Gold eased below $1,360 an ounce in Europe on Thursday as the rising dollar pressured prices, and with Asian buying still light after the Lunar New Year holidays.
The metal has fluctuated between $1,340 and $1,370 this week, awaiting fresh direction. While there are currently few incentives to buy gold, given improving appetite for higher risk assets, few investors seem prepared to sell heavily.
Spot gold was bid at $1,357.39 an ounce at 1204 GMT, against $1,362.89 late in New York on Wednesday. U.S. gold futures for April delivery fell $7.60 to $1,358.00.
The world's largest gold exchange-traded fund, New York's SPDR Gold Trust, reported a small outflow on Wednesday, signaling that investment is still lackluster.
Since the beginning of the year we have seen outflows from the ETFs. We have seen lower risk aversion day by day, and today the stronger dollar seems to be also taking its toll, said Commerzbank analyst Eugen Weinberg.
We are still very bullish in the longer term and believe new all-time highs are very possible toward the end of the year. But at the moment, gold seems to not be the favorite. During economic recovery, other metals are in stronger demand.
The euro fell three-quarters of a percent against the dollar as nagging doubts over a lack of concrete policy measures to tackle the euro zone debt crisis hit sentiment and pushed peripheral debt yields up.
A stronger dollar tends to pressure gold, as it curbs its appeal as an alternative asset and makes dollar-priced commodities more expensive for holders of other currencies, though the relationship has weakened in the last year.
On the wider markets, European shares continued their retreat from the 29-month highs they hit earlier this week as some corporate earnings reports missed expectations. .EU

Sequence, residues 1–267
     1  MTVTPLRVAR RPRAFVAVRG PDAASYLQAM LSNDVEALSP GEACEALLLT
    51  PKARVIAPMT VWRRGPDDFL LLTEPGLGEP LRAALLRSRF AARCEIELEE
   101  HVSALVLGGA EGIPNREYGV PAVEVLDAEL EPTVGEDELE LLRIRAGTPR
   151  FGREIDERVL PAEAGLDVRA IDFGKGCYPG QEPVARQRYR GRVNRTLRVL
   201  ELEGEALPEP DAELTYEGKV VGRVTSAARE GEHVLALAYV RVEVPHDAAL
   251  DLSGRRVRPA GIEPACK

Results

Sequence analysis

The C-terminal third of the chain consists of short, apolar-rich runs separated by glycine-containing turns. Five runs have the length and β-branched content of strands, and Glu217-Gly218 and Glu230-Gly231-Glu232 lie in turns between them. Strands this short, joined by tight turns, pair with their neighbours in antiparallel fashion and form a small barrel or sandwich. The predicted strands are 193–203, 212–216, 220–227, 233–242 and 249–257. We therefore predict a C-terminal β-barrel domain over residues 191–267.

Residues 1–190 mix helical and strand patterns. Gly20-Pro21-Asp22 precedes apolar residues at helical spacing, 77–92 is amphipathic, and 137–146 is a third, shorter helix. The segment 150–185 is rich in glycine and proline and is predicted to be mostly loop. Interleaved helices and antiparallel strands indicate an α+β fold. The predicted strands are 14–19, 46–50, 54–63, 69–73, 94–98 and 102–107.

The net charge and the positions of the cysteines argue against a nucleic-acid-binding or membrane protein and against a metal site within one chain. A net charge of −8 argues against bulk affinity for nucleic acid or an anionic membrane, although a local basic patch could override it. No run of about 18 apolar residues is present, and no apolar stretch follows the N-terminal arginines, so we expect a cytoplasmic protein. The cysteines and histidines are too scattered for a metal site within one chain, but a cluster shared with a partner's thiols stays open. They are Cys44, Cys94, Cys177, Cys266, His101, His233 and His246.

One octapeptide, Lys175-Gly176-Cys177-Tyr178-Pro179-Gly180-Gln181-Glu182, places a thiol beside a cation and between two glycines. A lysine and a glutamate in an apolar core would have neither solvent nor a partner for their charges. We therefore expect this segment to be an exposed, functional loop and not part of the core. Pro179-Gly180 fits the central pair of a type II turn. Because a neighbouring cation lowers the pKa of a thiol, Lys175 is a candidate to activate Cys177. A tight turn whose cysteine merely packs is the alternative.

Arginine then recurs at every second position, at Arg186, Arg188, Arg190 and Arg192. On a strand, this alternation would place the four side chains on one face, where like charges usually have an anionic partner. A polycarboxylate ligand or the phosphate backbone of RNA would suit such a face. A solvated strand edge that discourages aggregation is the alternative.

ASIAN DEMAND SOFT
In India, the world's largest consumer of physical gold, demand remained soft as buyers awaited fresh price falls. Dealers said suppliers hiked premiums charged on London prices to $2.20-$2.50 as availability was limited by supply issues after heavy snowfalls in refining areas.
Demand in number two consumer China was also muted after the Lunar New Year holiday. Although the festival officially ended on Wednesday, most buyers in China are not expected to return to the market until Monday, dealers said.
Among other precious metals, silver was bid at $29.80 an ounce against $30.17, down more than 1 percent on the day. Platinum was at $1,829.24 an ounce against $1,853.49, while palladium was at $816.25 against $826.47.
Platinum reached its highest in 2-1/2 years on Wednesday and palladium a ten-year peak, amid expectations that rising car demand would lift consumption of the autocatalyst metals. Supply issues are also supportive, analysts said.
Platinum producers face high cost inflation driven by rising labor and power costs and the impact of (rand) appreciation, said Sanford Bernstein in a note.
Platinum prices, unlike other commodities, have also been relatively flat, resulting in falling margins, returns and cash flows. In the short term, low profits and cash flows limit... producers' ability and willingness to invest in new projects.
We believe that supply constraints and likely demand recovery make platinum an attractive commodity in the mid- to long-term, it said.